When I was a kid I used to collect Panini Football sticker albums, not because of the football, I hated football and still do, no it was because of the collecting. You would go into school with your half-filled sticker book of perm and mullet wearing soccer stars and your collection of duplicates and go through the ritual of swapping stickers with your friends, often to the chorus of 'got, got, got, need, got'. I mention all this because Res Publica 2230AD boils down to replicating that sticker book collecting but with sci-fi aliens and an even more limited vocabulary than my 8 year old self.
Red Publica 2230AD is all about set collection and trading. The game works by building an increasingly complex tableau of cards in front of you that give extra options and more importantly victory points. To build these cards you need to collect sets from one of two decks, races and sciences. You'll gain new cards at the end of every turn but to get the cards you need you're going to have to trade with other players.
The rub here is you can't just open up with negotiations, instead you are very limited in what you can say when you offer a trade. You can only say "I have X to offer" or "I am looking for Y". Players can then only respond with the other half of the the trade. The result is counter intuitive as people want to barter, they want to negotiate but instead Res Publica 2230AD forces players to simply swap two cards based on a very structured statement. If was given a pound for every time I had to remind players how the trading works, then I would have paid for this game a couple of times over.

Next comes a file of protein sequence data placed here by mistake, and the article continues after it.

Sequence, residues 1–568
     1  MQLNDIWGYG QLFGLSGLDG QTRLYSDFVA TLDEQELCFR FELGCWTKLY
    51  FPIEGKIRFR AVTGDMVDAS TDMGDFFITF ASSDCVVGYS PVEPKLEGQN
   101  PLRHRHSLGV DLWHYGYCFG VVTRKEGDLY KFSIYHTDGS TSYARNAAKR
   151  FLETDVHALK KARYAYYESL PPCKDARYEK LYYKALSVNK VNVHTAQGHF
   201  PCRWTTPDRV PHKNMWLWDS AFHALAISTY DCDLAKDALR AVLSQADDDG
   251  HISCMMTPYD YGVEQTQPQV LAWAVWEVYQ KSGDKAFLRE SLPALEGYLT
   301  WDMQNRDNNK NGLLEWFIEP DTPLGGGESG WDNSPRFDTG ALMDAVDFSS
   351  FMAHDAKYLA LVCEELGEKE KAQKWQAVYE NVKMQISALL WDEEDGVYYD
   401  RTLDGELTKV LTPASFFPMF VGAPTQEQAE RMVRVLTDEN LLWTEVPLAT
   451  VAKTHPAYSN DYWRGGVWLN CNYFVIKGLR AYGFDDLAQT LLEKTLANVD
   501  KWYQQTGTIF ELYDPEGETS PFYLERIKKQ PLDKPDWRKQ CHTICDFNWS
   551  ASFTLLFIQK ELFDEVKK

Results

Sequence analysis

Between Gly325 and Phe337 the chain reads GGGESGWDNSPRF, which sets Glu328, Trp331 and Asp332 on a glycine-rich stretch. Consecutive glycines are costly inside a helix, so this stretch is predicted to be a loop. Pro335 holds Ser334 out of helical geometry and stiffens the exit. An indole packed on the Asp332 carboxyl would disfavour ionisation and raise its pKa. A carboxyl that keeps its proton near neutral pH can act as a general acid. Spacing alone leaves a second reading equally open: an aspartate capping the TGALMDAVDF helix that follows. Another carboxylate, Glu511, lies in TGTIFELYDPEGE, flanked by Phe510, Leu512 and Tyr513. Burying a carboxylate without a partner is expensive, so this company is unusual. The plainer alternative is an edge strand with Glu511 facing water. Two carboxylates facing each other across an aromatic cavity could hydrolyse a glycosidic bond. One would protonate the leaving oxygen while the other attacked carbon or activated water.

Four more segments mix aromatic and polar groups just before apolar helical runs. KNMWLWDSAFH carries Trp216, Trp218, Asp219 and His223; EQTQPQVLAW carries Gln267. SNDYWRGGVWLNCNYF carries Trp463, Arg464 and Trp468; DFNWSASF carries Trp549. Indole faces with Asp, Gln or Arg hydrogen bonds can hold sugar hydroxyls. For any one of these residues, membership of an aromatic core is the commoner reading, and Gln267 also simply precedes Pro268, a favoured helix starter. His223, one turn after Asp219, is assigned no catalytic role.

It feels far too rigid and, especially at the beginning of the game, can mean that actual trades are few and far between. The problem is magnified if the luck of draw means that the cards people are looking for just aren't coming into play. When this happens, and it happens a lot more than it should, the game grinds to a halt as everyone spends their turn either offering up unwanted trades or simply skipping the trading and taking cards.
Once you understand the limited trading rules there is some strategy to be had, and the game rewards those that change what they're collecting based on what other players are looking for and offering in trades.
Once players have a large enough hand for actual trading to start, then the game starts to flow but it takes a bit of time for Res Publica 2230AD to gain momentum. As players bring more and more space stations into play, then the faster the technologies deck gets depleted. When the deck is empty the game ends so as players grab more technology cards the game runs faster and faster to its conclusion. It starts to put more and more pressure on the game.
Res Publica 2230AD’s biggest issue however is that the game just isn't very exciting. It takes too long to get started, due to the limited number of cards in play, and then when it does get going it overstays its welcome, the game ends up lasting about 15 minutes longer than the fun allows. If Res Publica played in 30 to 40 minutes, rather than the hour it actually takes, then I would be more supportive of the game and maybe there's some leeway in tweaking the rules with the opening hand or allowing more negotiation in the trades.
There is a market out there for Res Publica 2230AD but I'm afraid it's not me. The constrained trading rules means that the game either grinds to a halt or feels increasingly frustrating and I can imagine that by making the trading an actual negotiation some fun could be found. There is a chance that experienced players might get more out of the game, understanding the trading concepts and gaining an appreciation of the rarity of certain cards but I can't justify the time investment of playing a boring game 10s of times on the off-chance it might get better.
This review is based on a full retail copy of the game provided by the publisher.